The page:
Sketches: The communication secret

Have you ever tried to explain something to a client and they are looking either extremely bored or confused? Traditional methods like a slide, text or tables may not be cutting it. While you are talking away, the listener may be trying to come up with a picture in their head of what you are talking about. This barrier could also cause them to understand something incorrectly or not get the whole picture.

Sketches can solve this problem because you can use the pictures to show others exactly what you mean without having to rely on them making something up in their head. For centuries pictures and drawings have been used as a tool to communicate effectively. So why not use it to communicate in the corporate sphere today? 

You may not be able to communicate everything in a drawing, but it is a great way to keep people engaged, have a starting point to go off of, and a reference to go back to if the conversation gets off track. Even simple sketches can help to remove understanding barriers to start a conversation around. 

I use sketches often in my presentations or workshops and have had amazing responses from all sorts of people about how easy it was to understand what was being talked about and also how engaging it was. 

Now you may be thinking? But I am so bad at drawing! 

That is ok, even the simplest shapes can be used to communicate. Remember, everything is made out of shapes. To draw a chair or person ,it’s made up of a bunch of simple shapes like rectangles, circles and lines. Drawing shapes and putting them together is all you need to do. Using arrows to denote actions or steps can help to create a story or explain a process.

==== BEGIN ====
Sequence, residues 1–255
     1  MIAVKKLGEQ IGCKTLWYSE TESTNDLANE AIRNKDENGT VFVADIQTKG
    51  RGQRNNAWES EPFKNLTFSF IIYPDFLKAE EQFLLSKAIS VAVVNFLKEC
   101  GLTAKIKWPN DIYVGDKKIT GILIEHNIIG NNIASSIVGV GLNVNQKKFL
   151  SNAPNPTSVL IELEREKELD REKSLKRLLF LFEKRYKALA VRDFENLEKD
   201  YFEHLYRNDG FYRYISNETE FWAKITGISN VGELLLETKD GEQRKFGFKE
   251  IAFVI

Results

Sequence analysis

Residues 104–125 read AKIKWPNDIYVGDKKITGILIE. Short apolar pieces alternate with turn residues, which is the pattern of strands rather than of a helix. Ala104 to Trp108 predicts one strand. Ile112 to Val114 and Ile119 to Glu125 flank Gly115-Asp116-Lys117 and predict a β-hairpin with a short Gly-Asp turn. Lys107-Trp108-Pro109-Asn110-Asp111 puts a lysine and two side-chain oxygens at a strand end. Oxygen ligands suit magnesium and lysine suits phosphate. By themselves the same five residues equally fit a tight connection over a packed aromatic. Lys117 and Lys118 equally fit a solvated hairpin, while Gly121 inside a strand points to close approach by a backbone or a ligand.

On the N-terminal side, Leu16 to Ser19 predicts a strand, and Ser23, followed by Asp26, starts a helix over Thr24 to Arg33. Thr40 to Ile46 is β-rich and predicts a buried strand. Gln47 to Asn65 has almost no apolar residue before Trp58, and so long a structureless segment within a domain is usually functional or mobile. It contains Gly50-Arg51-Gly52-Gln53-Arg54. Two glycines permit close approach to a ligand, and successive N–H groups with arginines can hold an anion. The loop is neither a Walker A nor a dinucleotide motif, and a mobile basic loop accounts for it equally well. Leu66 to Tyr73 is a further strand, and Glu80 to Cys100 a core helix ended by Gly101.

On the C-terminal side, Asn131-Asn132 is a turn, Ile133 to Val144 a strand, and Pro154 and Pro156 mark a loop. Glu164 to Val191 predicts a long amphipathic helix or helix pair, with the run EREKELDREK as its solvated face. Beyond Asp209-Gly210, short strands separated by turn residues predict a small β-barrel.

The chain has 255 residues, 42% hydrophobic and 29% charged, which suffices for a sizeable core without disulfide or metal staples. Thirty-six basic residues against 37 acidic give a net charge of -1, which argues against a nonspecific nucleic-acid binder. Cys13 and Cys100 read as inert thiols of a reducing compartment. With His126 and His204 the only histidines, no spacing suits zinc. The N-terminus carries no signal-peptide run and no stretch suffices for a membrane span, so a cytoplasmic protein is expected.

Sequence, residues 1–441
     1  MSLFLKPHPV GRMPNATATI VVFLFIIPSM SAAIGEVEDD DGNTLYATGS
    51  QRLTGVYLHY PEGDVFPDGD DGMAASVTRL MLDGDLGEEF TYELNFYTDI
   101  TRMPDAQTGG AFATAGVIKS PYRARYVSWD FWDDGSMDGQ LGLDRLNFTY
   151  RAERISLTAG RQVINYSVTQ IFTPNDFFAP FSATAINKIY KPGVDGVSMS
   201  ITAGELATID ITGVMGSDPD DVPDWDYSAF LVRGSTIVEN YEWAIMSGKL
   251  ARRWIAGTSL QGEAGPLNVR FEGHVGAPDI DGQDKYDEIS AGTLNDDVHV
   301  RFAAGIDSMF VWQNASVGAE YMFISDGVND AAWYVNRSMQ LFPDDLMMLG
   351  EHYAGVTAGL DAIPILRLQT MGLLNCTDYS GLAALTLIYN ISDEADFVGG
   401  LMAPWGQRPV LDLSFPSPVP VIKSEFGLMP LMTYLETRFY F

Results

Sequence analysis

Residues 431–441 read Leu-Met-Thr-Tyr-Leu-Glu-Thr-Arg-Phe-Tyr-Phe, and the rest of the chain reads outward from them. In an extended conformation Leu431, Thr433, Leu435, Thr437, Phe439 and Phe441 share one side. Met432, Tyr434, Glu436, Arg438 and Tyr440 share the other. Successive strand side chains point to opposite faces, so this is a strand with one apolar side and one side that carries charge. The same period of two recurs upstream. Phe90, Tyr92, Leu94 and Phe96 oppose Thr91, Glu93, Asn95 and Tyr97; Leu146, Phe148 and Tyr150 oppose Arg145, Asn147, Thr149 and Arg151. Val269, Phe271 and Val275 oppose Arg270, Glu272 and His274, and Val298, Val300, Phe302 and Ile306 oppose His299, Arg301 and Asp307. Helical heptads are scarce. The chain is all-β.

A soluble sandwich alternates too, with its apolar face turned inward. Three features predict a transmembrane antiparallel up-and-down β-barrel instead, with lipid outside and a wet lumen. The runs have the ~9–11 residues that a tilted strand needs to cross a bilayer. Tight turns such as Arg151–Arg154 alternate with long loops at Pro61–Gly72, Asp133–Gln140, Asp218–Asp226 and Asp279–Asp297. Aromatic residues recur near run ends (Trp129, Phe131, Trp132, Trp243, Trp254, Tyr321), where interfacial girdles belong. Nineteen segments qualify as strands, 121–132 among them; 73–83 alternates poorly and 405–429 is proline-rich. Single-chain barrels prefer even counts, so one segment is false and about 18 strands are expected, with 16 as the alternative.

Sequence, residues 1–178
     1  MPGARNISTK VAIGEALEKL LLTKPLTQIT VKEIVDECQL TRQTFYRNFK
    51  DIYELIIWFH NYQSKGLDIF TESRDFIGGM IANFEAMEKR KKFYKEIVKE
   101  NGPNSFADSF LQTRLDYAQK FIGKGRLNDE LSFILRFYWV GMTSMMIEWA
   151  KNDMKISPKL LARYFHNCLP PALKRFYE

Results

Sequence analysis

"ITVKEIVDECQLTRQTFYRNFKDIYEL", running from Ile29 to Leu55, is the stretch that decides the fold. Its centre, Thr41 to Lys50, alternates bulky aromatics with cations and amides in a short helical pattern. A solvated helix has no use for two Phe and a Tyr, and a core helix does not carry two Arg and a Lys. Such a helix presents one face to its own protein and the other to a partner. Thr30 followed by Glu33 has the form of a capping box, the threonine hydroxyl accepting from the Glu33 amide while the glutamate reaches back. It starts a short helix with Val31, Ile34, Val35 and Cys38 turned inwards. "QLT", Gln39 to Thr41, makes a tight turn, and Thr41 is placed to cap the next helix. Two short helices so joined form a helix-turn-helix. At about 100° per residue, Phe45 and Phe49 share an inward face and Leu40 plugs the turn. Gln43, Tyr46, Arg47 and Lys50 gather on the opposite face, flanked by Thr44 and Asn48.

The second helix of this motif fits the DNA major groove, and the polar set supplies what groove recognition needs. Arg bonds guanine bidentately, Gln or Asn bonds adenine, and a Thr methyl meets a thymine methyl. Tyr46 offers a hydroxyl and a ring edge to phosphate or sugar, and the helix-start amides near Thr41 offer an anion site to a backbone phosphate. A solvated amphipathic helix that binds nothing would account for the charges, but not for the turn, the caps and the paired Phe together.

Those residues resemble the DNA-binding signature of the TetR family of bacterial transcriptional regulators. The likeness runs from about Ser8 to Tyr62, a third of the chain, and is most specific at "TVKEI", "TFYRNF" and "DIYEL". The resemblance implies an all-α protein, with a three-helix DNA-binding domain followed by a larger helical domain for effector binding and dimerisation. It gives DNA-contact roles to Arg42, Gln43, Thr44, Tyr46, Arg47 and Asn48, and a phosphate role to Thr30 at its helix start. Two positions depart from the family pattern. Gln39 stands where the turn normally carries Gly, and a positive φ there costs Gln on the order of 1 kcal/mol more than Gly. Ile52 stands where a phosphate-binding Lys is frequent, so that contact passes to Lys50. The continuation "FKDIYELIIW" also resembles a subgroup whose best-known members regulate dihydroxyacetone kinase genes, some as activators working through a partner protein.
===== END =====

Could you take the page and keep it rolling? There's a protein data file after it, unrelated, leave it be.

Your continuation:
Sketches are also useful to help work through ideas yourself. If you are stuck on a problem, you can get ideas out of your head and onto paper in the form of sketches. This can help you visualize where the gaps may be, share ideas with others, and have something to reference later. Before I proceed with an idea I like to sketch it up roughly and get feedback on it before I spend lots of time on a solution that may not optimally solve the problem.

Sketches can also be helpful when taking notes in meetings. They can be helpful to jog your memory when looking back at your notes later or to show to someone presenting. to ensure that you were understanding correctly. Creating sketches for your own reference can be a great way to improve your confidence in your sketching abilities before implementing it in a presentation.

So next time you are creating a presentation, starting off a new project or trying to explain a concept, take out your doodling tools and get sketching!